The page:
Painting on the Computer

December 10, 2011

photoshop progress – part 1 from Lois van Baarle on Vimeo.

When my friend Tom stopped over the other day I showed him a time-lapse video (that seems to be by someone using the name Design—I can't see any other names even on the "about me" page) of a Photoshop illustration Danny Gregory had recommended.

After Tom and I had watched that Tom had me jump over to the video that starts this post. It's a Photoshop painting by Lois van Baarle. (Be sure to watch the second part as well to see where she ends up with the painting.)

I love both these videos first because the artists are obviously very talented, but second because you see in quick fashion the many little decisions each makes as their paintings progress. You'll see them redraw, rework, rethink. Creating a painting, whether digitally on the computer or with natural media on paper (or canvas or some other substrata) is a process, and sometimes the process changes in midstream. 

    • Carolyn
    • December 10, 2011

    These are great. I especially appreciate the redrawing, repositioning, resizing, and otherwise changing earlier decisions. Experimenting, learning and choosing again.

    • Kate
    • December 10, 2011

    At the bottom of the DEISIGN blog page there is a copyright notice © Copyright Dei Gaztelumendi.

    • Caroline
    • December 10, 2011

    If this is accepted as art, and not great computer program manipulation, what does it mean for those who prefer to use pencil or pen and paper? It redefines the meaning of an artist and his/her work.
    Is this going to devalue the work of those who not use elctronics, or has that already happened? Is fine art going to go the way of other once highly regarded crafts that are now thought of as hobbies?
    Very thought-provoking.

  1. Reply

    Caroline, this is art. There is nothing simple about what this woman is doing. She has sketching and drawing skills, compositional skills and she utilizes them. I do not believe that using a computer instead of a pencil and paper redefines the meaning of an artist and his/her work.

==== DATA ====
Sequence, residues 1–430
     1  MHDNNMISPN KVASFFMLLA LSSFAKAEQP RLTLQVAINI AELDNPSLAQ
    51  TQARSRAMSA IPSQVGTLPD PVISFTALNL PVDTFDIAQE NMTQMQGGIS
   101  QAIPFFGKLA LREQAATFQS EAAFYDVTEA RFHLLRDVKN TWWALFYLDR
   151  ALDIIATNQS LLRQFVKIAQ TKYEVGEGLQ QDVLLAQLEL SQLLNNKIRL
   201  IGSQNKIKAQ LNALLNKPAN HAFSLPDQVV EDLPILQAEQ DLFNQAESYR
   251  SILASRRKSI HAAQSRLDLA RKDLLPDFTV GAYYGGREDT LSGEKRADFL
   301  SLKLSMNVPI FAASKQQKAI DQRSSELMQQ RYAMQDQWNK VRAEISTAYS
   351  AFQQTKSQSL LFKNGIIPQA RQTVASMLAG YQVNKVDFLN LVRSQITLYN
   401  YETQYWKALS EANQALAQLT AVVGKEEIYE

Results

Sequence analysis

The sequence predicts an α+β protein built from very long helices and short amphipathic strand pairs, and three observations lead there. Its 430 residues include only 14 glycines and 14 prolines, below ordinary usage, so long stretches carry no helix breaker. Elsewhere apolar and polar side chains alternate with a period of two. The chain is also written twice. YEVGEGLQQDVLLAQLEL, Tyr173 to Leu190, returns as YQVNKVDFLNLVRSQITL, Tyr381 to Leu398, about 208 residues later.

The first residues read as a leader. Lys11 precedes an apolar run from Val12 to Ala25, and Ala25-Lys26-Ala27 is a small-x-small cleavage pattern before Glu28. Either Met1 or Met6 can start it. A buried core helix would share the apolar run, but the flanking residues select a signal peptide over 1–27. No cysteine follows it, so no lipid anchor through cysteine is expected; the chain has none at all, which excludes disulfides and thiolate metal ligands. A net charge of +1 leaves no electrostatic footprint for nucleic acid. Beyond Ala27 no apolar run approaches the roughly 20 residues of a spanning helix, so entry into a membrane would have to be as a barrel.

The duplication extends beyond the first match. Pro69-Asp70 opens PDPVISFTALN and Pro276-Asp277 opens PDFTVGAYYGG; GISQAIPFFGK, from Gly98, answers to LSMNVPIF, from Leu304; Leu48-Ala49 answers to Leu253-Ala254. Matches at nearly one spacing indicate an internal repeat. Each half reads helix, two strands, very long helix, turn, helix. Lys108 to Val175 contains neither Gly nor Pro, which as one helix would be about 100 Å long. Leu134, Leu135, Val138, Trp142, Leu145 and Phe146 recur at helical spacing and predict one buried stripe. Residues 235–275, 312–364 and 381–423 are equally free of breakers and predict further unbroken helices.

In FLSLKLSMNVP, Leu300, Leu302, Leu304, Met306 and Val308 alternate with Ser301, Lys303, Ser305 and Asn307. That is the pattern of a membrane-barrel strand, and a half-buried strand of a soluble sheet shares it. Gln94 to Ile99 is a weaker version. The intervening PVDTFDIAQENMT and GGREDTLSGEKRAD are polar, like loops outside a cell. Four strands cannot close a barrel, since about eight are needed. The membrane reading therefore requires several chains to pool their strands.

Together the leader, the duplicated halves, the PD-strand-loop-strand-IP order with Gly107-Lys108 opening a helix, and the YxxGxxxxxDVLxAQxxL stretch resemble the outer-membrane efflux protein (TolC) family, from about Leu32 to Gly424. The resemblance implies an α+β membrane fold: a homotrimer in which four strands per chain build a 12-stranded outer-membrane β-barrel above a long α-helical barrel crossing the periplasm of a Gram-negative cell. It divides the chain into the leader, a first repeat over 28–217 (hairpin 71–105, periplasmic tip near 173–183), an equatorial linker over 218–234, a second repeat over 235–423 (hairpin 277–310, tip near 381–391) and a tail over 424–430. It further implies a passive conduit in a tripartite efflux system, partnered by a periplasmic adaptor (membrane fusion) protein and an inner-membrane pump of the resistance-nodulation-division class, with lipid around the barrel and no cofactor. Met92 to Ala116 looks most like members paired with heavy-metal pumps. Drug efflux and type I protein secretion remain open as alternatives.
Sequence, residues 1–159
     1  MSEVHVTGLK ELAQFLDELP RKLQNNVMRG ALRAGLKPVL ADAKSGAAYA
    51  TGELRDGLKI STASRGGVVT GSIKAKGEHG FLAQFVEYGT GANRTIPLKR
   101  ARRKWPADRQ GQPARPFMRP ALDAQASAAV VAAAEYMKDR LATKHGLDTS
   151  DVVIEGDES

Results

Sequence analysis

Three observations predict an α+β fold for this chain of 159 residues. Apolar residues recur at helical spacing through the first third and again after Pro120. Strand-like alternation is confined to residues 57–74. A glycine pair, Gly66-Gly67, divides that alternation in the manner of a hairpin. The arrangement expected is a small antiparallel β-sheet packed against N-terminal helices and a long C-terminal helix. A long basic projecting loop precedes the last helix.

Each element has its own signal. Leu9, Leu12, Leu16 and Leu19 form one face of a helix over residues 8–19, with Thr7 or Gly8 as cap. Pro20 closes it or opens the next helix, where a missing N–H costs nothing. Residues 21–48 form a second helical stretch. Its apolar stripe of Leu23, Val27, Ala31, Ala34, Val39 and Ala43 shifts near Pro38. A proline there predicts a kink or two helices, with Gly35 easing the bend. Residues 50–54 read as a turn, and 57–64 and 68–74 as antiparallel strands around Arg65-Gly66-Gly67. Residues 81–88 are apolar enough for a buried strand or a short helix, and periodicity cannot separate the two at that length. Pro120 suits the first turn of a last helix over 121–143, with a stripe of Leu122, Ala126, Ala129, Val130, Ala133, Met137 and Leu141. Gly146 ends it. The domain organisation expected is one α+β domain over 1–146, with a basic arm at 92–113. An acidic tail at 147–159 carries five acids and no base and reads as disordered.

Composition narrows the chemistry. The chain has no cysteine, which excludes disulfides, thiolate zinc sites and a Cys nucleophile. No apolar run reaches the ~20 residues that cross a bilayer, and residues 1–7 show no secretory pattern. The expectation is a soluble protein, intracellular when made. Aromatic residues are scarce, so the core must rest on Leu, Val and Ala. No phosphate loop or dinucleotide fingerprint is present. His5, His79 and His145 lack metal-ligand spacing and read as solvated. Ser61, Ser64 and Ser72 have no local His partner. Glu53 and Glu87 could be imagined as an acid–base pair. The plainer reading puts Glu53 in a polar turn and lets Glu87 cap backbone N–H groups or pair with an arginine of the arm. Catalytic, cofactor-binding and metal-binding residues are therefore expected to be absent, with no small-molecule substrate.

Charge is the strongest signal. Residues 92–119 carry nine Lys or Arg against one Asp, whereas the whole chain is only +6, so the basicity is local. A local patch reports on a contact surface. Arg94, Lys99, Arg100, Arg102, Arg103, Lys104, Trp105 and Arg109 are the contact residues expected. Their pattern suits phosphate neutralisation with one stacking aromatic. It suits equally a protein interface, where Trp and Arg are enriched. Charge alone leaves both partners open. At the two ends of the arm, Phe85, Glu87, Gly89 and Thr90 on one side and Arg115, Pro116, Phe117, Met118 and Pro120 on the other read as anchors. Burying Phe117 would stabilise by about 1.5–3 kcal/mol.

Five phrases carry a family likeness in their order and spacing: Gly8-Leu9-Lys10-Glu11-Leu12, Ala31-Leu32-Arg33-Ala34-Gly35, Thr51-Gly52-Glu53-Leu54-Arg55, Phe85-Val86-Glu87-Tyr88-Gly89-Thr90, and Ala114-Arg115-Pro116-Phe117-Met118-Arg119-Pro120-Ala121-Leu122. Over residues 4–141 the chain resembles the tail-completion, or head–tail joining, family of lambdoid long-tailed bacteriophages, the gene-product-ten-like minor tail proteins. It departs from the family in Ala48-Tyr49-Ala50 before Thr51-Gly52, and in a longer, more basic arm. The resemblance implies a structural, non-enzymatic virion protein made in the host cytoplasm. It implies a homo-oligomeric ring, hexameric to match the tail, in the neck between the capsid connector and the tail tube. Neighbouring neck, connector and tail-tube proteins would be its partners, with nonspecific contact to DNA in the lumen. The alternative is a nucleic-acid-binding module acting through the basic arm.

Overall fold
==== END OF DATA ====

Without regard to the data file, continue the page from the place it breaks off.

For those of us who work on the computer as illustrators and artists there is no question that this is art.

    The computer is another tool.

    It hasn’t devalued the work of people who don’t work on the computer. What has happened is a new generation of artists have grown up more comfortable on the computer than with pens or other media, perhaps, but they have real skills.

    There are illustrators and artists who work exclusively in natural media, others who work only on the computer and others who do a bit of both, for the same image, i.e. beginning with pencil and paper, scanning their drawings and then working up from there on the computer.

    The latter, as you can see from both the videos recommended is really not much different from working in oils the way some artists who work in oils work.

    The computer is simply another tool.

    I don’t follow your point about fine crafts being thought of a hobbies because the bookbinders and jewelry makers and other types of craftspeople I know are not doing something as a hobby—it is a fine craft in their hands, and frankly in the hands of many people I know it is also an art.

    So I don’t quite follow the logic of your thoughts on this, or it is perhaps that we are from two opposing points of view.

    Talented artists use finely tuned skills to apply any tools they can, to make the art they see in their minds. That’s how I see computer art or any art.

    But it all starts with the sketching for me. If people don’t have sketching skills it’s problematic for me.

    There is one problem that fine artists working on the computer still seem to be working out and that is a question of what is an original when the original exists only in the digital format and can be replicated perfectly over and over again, more perfectly than a conventional print, etching, silkscreen?

    There in is perhaps the only thought-provoking question this artist’s tool raises for me.

  2. Reply

    Kate, thank you for your eagle eye in finding that copyright name!

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